“I waited behind two guys in white paint splattered coveralls as they returned three large step ladders, slightly used of course, to the returns desk and their complaint was ‘they didn’t like them’. They got to use the ladders free, more than likely for their one speciality job, and the store takes the hit for now having USED merchandise on their hands. Of course they don’t eat the cost. It gets folded into their overhead and we end up paying for it by prices that are just a little bit higher. If you understand Obama’s spreading the wealth philosophy then I’m sure you have no problem understanding this.

How exactly does fraudulently returning merchandise to a retailer relate to Obama?

“Smorgasbord” comments on a Consumerist article about Walmart accidentally pricing an item at $17.504 (yes, that’s four-tenths of a cent):
They are preparing you for what prices will be once Obama gets all of his extra taxes he is going to put on businesses. The price is actually $17,504. But keep in mind, he promised 95% of the people will get a tax cut. Only businesses and the rich will be taxed more. So if you never buy anything, you won’t be paying higher taxes.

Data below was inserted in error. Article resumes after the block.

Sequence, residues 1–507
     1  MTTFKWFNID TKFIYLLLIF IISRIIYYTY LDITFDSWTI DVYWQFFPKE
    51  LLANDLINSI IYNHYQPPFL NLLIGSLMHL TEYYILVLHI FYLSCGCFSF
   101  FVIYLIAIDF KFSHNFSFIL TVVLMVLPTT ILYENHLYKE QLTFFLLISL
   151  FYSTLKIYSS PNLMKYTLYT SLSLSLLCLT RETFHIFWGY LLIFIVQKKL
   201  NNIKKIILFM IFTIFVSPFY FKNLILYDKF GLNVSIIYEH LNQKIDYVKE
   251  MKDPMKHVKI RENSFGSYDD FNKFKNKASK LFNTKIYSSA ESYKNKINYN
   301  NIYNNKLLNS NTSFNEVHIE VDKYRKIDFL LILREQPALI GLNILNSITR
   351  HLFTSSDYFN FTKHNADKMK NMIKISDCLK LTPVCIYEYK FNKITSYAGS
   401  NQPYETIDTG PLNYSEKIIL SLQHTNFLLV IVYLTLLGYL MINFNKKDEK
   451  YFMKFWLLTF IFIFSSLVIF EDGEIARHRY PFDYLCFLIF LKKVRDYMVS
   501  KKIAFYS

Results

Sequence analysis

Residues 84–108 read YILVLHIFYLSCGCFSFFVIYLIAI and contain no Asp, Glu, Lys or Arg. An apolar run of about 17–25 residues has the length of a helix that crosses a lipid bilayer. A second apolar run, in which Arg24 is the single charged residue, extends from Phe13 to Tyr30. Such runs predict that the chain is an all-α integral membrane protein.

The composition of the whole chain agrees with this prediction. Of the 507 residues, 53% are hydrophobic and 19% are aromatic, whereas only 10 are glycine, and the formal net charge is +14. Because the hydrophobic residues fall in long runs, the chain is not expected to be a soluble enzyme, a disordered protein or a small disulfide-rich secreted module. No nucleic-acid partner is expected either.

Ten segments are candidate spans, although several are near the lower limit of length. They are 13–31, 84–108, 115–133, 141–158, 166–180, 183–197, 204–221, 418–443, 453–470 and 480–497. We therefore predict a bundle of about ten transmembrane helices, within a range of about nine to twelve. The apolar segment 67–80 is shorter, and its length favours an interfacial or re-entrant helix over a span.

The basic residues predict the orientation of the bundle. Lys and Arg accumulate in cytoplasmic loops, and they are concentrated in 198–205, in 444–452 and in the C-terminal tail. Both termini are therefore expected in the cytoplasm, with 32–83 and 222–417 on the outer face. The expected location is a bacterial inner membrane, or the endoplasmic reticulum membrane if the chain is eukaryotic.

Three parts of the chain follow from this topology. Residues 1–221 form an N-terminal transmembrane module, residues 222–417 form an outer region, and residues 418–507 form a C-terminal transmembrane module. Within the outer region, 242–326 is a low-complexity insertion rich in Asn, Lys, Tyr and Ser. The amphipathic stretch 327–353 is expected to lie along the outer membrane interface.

Originally posted on Notes from the Undertow.

National Dark-Sky Week 2009

Tonight, take a look into the sky. Your view will be very different than that of someone a century ago. You will likely see a lot more light, and a lot fewer stars, than our ancestors would have seen.

An unfortunate side effect of our modern industrial society is light pollution. Unlike the contamination of our air or water, light pollution is one type of contamination people may not think about or take very seriously. But over-illumination causes a variety of issues, such as an annoying nighttime glow, unnecessary energy usage, problems for astronomers, and even human health problems like reduced visual acuity and increased fatigue. Like our air and water, our dark night sky is a natural resource that we must work together to preserve.